Why Kyle Beckerman Deserves a Spot in the USMNT World Cup Squad

John D. Halloran@JohnDHalloranContributor IIApril 24, 2014

COLUMBUS, OH - SEPTEMBER 10: Kyle Beckerman #5 of the United States Men's National Team in action against Mexico at Columbus Crew Stadium on September 10, 2013 in Columbus, Ohio. (Photo by Jamie Sabau/Getty Images)
Jamie Sabau/Getty Images

I'll admit it—I've never been a big fan of Kyle Beckerman.

I couldn't understand why he got national team call-ups, let alone playing time, and when he did get on the field his performances were always underwhelming.

Most damning, for me, was his performance against Jamaica in World Cup qualifying in September 2012. In the match, Beckerman struggled and was a key contributor to the U.S.' loss. After the match, I commented:

On Friday night, Kyle Beckerman and Jermaine Jones seemed to be having a competition to see who could play worse. Beckerman was poor for most of the night, giving away possession and getting beat on the dribble repeatedly. He was mercifully replaced in the 61st minute. It is difficult as a fan to be so hard on players who repeatedly answer their nation’s call-ups. The fault with Beckerman’s selection lies firmly with USMNT coach Jurgen Klinsmann. Klinsmann needs to be seriously questioned if Beckerman dons the USMNT jersey again.

The next day, I asked if Jurgen Klinsmann was the only person who thinks Kyle Beckerman is USMNT-worthy?

And I wasn't alone in my criticism of Beckerman. Sports Illustrated's Avi Creditor wrote about the Jamaica game: "Beckerman's bright start gave way to a bit of a nightmare evening...Beckerman looked a step behind for much of the night, committing some desperate fouls."

And the New York Times' Brian Sciaretta wrote: "Klinsmann has given Beckerman many chances to succeed but that may end after Tuesday night. Beckerman was simply ineffective on both sides of the ball...Beckerman was simply poor."

After the match, there weren't too many fans still willing to defend Beckerman, and most wrote off any chance he had of representing the U.S. at the World Cup in 2014.

My impression of Beckerman began to change this past summer in the Gold Cup. Although he was largely ripped for this pass against Belize, he played well in the early games, even if it was against inferior levels of competition.

As the tournament wore on and the competition level increased, Beckerman continued to be an important part of the U.S.'s midfield, controlling possession in transition and staying home to allow his midfield partner—usually Mix Diskerud or Stuart Holden—to go forward in the attack.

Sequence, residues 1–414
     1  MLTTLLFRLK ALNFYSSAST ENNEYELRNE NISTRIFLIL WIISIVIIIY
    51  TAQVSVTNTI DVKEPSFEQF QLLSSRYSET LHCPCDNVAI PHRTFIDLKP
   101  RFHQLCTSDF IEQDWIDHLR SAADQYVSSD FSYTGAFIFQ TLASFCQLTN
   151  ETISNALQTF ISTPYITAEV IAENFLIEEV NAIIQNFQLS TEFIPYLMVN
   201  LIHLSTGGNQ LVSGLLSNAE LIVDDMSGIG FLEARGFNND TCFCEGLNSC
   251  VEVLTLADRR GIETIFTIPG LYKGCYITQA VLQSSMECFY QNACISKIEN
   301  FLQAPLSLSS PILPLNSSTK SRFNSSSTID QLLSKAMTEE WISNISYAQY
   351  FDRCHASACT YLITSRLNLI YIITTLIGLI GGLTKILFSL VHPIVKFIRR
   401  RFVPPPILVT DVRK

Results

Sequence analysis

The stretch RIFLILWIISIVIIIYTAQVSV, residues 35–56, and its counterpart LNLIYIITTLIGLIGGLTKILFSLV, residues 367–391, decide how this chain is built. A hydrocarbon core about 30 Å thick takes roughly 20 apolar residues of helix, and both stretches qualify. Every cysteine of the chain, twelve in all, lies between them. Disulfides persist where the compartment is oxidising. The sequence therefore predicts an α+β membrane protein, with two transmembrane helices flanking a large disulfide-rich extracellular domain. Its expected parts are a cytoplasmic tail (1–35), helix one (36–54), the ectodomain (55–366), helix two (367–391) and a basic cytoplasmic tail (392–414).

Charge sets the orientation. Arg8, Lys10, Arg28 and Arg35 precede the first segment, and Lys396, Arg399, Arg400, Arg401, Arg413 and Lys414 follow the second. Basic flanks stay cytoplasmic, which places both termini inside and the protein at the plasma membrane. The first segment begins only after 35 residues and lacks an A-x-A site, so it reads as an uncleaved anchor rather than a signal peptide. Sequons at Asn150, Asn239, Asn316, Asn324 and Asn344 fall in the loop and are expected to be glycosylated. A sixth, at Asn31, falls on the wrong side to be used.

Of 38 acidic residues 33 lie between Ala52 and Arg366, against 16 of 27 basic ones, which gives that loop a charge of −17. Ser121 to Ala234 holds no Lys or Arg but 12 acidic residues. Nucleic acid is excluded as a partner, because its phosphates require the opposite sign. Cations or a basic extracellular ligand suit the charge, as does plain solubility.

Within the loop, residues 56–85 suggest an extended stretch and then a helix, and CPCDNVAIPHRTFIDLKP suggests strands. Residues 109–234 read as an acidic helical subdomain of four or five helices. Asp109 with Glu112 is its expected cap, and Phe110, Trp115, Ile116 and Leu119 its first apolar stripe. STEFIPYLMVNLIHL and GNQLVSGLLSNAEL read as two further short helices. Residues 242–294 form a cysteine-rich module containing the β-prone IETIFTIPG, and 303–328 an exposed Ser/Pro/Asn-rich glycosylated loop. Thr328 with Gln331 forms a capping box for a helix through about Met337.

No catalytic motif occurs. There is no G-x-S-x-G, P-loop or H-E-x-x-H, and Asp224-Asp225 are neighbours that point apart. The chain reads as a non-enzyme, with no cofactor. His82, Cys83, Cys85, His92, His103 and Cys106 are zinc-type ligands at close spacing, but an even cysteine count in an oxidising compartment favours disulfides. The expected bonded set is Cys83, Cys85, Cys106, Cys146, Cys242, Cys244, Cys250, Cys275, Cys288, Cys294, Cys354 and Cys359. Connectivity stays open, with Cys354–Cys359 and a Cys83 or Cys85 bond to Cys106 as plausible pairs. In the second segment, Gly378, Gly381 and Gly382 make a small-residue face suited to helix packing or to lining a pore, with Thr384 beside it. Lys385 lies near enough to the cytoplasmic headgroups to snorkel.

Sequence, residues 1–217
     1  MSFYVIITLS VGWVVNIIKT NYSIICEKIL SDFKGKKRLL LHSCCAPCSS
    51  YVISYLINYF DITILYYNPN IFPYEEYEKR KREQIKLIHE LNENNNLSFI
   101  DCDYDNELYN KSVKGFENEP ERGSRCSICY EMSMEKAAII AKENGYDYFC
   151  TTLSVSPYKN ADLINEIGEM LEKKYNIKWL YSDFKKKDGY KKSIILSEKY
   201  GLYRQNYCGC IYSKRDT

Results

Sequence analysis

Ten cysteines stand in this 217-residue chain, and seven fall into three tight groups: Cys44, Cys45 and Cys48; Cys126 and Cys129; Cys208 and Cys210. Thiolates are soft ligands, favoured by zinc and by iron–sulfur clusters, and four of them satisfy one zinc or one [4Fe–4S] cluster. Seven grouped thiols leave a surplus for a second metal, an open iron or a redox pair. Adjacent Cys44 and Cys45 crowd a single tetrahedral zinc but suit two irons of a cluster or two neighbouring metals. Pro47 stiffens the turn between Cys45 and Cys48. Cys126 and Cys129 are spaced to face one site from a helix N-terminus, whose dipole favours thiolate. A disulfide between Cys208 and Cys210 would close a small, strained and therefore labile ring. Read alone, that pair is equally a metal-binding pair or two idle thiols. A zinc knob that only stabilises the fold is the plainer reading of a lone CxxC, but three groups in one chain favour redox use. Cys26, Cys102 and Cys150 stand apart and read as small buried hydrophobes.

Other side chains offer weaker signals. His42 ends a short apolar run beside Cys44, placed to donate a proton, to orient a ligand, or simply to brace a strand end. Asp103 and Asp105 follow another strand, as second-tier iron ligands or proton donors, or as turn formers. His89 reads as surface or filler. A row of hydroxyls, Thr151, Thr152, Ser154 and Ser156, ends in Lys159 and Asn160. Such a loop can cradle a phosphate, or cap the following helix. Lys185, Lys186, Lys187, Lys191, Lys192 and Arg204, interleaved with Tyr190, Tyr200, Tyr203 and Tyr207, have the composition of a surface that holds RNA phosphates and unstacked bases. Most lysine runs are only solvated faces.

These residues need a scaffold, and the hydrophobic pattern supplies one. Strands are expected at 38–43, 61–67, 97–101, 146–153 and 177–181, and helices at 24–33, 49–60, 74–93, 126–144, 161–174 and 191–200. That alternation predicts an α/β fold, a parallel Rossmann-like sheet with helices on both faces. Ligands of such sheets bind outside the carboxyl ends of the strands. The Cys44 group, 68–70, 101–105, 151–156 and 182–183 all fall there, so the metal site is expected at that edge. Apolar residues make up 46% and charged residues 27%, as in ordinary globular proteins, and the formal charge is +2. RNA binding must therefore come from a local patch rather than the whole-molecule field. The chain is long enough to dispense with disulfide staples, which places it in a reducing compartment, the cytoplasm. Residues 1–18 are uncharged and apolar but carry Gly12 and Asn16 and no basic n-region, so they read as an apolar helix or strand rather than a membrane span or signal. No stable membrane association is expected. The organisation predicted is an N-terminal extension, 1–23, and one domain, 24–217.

In speaking with Beckerman after the Gold Cup, I asked him if he thought his strong performances had helped his World Cup chances, but he remained humble saying: "I don’t know—a year is a long time in any professional sport. A lot of things can happen, so I don’t think I can look that far ahead. I think all of us that were in the Gold Cup helped our chances to continue in the process. All we can do is keep at it, keep working hard and keep winning.”

Beckerman's strong performance in the Gold Cup did earn him a renewed chance with the "A" side and in September. With Michael Bradley out injured, Beckerman was given the start against Mexico in the all-important World Cup qualifier in Columbus, Ohio. He performed well this time, staying home defensively and helping guide the U.S. to a 2-0 win over their archrivals. And earlier this month, Beckerman got another start against Mexico and again played well.

Beckerman's value to the United States men's national team lies in two key areas. First, is his willingness to "stay home" and sit in front of the center-backs, which provides cover and allows his midfield partner to go forward. This was evident against Mexico, as Michael Bradley had an outstanding game linking the U.S. back line with the forwards and wide midfielders. Bradley was given that freedom because of Beckerman's defensive work.

Beckerman's second important asset is his ability to play simple possession. He does an excellent job checking back for the ball, coming, at times, all the way into the back line to receive the ball and begin the U.S. attack.

With the U.S. likely to take four center midfielders to Brazil, Kyle Beckerman deserves a place alongside Michael Bradley, Jermaine Jones and Mix Diskerud. Maurice Edu certainly offers a more athletic option, but Beckerman has done more over the past year to earn his spot as Edu was rarely called in to the team due to his lack of playing time at the club level.

How much playing time Beckerman receives in Brazil, and if he is a better choice to partner Bradley in the U.S.' midfield rather than Jones are other questions. But in his performances for the United States since last summer, Beckerman has proved that he's worthy of a spot in the final 23-man roster headed to the World Cup.


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